Deadline in Athens: An Inspector Costas Haritos Mystery

Deadline in Athens: An Inspector Costas Haritos Mystery - Petros Markaris, David Connolly The novel starts with the murder of two Albanians and Haritos’ investigation. When it seems that the case is closed because the murderer confessed, a journalist is killed and everything gets much more complicated. She obviously learned something that she shouldn’t have and it looks like it is related to the dead Albanians, but their killer has a great alibi for the new murder: he was in jail.

There are some great plot twists. When you think you know who the murderer is and/or why the journalist was killed, you find some new piece of information that points in a different direction.

Costas Haritos is an interesting character. He is underpaid, works too many hours, is not very happily married and wants to close his cases quickly (he even looks for a "usual suspect" to blame for the murder of two Albanians). Nothing too strange here.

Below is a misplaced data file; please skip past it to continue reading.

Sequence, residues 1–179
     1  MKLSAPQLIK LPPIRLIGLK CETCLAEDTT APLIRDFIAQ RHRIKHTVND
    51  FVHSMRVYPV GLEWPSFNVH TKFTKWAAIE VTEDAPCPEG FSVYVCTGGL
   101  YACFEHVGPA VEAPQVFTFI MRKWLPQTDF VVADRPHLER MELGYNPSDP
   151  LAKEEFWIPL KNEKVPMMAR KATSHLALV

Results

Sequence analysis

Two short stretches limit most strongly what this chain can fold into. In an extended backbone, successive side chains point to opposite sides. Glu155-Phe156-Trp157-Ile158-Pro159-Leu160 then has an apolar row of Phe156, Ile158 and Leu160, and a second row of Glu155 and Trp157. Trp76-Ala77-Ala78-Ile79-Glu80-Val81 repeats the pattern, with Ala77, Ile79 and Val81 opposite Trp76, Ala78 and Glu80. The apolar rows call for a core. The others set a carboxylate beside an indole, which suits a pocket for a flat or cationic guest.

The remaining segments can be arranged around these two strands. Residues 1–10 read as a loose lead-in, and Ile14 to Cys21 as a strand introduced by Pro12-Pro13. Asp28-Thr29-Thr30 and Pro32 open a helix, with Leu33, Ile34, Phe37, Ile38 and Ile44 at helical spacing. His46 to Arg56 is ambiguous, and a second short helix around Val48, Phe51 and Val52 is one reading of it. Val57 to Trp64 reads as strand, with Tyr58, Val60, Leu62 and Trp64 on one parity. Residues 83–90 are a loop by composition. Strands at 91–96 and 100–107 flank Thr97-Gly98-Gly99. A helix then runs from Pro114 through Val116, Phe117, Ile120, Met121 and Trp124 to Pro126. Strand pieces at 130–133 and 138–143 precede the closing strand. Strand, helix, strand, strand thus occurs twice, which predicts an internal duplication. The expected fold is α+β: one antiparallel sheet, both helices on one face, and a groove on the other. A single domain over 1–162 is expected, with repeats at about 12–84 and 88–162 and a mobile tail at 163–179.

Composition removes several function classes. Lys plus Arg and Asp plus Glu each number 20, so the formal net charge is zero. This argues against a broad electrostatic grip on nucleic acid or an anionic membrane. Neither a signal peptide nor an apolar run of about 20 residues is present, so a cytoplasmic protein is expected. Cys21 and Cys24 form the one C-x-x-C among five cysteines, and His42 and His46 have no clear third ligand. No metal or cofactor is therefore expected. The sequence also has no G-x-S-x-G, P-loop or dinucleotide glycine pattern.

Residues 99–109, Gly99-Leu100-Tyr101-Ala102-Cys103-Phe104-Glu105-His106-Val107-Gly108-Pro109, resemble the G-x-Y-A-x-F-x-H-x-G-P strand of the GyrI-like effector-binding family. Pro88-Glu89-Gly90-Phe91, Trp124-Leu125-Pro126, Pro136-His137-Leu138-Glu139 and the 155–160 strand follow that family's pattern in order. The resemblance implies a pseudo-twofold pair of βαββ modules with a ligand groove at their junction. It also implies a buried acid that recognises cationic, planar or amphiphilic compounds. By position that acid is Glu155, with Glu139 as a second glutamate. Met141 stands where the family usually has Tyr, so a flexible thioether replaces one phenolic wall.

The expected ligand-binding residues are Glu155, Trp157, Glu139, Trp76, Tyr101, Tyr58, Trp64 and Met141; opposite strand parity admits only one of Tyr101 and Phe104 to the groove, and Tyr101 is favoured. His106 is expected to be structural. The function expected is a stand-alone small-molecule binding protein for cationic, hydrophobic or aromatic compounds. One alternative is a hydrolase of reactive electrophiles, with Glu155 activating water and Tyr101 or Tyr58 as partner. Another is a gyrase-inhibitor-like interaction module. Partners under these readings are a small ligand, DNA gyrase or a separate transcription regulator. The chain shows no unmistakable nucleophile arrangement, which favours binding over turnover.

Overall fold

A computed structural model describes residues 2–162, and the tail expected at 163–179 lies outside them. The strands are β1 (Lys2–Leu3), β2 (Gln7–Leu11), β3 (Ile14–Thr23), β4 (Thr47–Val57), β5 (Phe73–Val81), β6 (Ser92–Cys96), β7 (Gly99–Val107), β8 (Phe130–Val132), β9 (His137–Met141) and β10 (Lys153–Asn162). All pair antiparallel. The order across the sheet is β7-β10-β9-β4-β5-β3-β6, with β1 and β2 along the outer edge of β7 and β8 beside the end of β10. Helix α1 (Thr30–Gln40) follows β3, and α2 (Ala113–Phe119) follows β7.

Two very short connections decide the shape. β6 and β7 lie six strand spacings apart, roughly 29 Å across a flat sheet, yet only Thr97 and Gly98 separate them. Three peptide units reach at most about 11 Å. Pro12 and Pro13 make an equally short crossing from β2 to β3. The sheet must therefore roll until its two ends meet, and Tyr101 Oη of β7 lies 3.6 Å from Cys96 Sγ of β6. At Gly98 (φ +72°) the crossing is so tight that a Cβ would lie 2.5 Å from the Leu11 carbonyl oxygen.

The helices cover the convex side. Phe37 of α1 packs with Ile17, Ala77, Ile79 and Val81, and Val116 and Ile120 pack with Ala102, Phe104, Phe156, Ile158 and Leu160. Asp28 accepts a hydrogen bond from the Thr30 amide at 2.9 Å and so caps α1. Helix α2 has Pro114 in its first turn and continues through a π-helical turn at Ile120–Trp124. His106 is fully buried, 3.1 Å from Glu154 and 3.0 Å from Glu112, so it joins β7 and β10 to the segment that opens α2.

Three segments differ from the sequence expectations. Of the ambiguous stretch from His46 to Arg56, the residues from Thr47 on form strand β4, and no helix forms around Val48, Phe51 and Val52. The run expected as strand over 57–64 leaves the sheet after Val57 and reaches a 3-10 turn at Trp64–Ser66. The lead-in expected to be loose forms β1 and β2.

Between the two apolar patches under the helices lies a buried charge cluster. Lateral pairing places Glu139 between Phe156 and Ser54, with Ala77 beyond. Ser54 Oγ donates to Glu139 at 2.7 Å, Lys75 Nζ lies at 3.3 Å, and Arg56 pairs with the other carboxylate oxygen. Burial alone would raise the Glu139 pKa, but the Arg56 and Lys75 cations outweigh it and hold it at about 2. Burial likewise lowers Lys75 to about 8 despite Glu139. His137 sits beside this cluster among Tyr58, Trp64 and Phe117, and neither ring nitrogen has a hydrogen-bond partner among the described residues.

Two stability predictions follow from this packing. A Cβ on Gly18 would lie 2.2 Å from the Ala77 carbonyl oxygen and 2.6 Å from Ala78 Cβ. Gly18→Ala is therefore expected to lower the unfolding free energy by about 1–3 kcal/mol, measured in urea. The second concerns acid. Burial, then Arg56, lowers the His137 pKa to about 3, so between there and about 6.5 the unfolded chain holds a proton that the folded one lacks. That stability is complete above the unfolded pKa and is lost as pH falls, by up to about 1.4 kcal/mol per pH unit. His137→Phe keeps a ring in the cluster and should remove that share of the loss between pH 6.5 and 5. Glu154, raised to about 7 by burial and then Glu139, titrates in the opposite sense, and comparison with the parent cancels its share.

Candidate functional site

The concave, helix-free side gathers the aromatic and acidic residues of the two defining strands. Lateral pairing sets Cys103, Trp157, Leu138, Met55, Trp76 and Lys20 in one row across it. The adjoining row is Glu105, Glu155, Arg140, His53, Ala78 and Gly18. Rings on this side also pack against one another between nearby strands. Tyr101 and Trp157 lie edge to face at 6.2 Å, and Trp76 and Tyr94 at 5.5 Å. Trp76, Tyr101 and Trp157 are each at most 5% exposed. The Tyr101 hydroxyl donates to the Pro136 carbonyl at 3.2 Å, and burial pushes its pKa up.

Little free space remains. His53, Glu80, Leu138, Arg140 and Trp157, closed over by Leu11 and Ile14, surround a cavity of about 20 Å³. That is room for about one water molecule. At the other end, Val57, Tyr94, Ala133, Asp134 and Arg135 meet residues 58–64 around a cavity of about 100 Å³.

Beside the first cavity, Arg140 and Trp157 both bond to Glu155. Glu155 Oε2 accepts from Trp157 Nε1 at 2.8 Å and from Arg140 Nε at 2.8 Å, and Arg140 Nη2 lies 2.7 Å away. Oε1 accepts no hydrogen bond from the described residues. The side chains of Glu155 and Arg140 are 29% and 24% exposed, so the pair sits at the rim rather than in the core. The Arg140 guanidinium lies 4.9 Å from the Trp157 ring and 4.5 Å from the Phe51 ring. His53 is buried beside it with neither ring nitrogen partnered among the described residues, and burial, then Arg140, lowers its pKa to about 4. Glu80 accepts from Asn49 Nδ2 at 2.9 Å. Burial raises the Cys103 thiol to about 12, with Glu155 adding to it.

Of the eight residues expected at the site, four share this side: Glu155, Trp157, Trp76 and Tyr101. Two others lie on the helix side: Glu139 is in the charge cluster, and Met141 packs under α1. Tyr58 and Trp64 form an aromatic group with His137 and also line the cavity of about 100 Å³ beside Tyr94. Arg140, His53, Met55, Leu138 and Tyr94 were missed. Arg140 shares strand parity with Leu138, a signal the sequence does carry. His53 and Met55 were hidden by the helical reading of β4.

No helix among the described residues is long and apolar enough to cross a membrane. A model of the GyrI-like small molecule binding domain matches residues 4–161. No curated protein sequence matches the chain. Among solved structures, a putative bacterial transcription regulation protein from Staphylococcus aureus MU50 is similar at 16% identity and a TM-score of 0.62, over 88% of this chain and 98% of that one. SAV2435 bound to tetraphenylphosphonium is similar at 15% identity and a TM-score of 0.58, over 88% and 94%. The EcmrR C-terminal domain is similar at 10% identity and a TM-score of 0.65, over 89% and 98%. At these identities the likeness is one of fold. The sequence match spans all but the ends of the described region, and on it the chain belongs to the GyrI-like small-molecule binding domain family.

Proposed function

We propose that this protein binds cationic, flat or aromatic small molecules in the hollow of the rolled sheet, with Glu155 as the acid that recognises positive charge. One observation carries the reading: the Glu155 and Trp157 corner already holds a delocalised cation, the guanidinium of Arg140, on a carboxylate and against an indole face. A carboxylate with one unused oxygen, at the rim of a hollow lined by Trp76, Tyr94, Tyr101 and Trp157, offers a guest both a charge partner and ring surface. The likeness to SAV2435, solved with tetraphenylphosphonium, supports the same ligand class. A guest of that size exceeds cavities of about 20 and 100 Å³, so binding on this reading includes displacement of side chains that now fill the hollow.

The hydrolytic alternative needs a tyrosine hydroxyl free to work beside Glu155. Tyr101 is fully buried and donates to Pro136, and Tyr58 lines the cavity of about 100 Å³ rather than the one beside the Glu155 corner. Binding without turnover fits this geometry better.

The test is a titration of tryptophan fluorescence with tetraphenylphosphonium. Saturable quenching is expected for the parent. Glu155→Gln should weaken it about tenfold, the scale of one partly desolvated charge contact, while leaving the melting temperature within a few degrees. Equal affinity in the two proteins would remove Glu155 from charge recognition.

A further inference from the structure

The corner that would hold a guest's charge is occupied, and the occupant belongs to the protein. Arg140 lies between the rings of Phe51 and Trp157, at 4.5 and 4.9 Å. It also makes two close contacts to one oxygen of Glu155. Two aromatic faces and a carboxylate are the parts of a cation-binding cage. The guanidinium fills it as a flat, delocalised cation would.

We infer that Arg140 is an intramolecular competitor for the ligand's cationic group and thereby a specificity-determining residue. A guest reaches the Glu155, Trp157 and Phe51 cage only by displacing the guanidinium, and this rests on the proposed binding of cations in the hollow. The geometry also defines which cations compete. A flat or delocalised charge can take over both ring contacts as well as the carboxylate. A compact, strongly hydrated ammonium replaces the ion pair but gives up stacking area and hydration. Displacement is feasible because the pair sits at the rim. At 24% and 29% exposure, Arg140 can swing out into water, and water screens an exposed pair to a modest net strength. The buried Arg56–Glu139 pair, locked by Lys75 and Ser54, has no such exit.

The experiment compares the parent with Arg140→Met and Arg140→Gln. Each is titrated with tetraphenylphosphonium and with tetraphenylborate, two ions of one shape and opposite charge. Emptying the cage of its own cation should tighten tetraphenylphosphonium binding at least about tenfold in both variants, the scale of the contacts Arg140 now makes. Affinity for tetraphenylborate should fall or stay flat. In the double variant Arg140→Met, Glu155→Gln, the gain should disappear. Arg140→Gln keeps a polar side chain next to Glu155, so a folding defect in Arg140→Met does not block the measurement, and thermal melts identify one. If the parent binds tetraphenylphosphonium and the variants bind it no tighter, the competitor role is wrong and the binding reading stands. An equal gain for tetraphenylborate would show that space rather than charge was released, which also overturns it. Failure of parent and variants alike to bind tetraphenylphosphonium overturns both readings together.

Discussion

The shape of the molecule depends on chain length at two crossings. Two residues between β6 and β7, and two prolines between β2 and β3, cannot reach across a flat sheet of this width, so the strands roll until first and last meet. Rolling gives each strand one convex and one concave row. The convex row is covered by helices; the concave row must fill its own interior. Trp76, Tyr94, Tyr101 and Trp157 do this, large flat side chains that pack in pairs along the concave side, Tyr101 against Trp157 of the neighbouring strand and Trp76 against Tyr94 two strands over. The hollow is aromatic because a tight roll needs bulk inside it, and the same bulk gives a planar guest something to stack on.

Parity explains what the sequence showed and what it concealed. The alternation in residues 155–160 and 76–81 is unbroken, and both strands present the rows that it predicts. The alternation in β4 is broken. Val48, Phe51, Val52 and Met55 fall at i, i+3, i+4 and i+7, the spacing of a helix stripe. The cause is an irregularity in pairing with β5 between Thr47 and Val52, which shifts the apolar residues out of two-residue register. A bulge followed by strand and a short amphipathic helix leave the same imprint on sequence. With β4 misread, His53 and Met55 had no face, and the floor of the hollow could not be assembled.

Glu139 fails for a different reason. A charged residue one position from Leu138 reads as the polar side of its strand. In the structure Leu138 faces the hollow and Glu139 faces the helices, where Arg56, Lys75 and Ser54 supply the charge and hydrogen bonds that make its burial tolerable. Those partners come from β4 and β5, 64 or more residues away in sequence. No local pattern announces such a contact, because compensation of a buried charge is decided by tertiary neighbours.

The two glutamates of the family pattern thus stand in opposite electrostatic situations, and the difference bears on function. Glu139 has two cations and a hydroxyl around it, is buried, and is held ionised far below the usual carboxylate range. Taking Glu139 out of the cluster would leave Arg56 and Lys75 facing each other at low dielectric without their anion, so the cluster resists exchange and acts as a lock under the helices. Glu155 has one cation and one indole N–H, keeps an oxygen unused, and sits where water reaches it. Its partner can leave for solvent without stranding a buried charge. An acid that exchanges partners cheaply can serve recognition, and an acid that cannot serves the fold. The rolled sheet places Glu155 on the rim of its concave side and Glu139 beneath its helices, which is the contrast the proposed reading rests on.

But there are things that make his character different from what you expect: he reads the dictionary, and I mean he reads it like a novel, as a hobby, and has a dark past. When he was younger he worked in one of the "interrogation" facilities in Athens. This is the first book in the series of this detective, so some questions about his past are not answered. We know that he didn’t like it there and that he tried to improve the conditions of the prisoners as much as he could without getting caught, but we don’t know how he got the job (or more likely how or why he was assigned the job) and exactly what he did there.

Haritos is human, so even though he doesn’t seem to be a nice man, not everything is bad or mysterious. He really loves his daughter and wants to make her happy and he feels good when he does something nice to his wife. He is also very good at his job and doesn’t like how the police is affected by political decisions, like how some people are almost untouchable, even though they’re clearly either guilty or hiding something important about the case.

The Greece shown in this novel is not the one you see in tourism brochures. There is a clear difference between the people who have money and power and the people who don’t. The course of his investigation takes Haritos to several poor parts of Athens that are well described. Also, things like blackmail seem completely normal and nobody seems surprised.

All in all, a good crime novel where not everything is what it looks like and where all murders are linked in a way you probably won’t predict.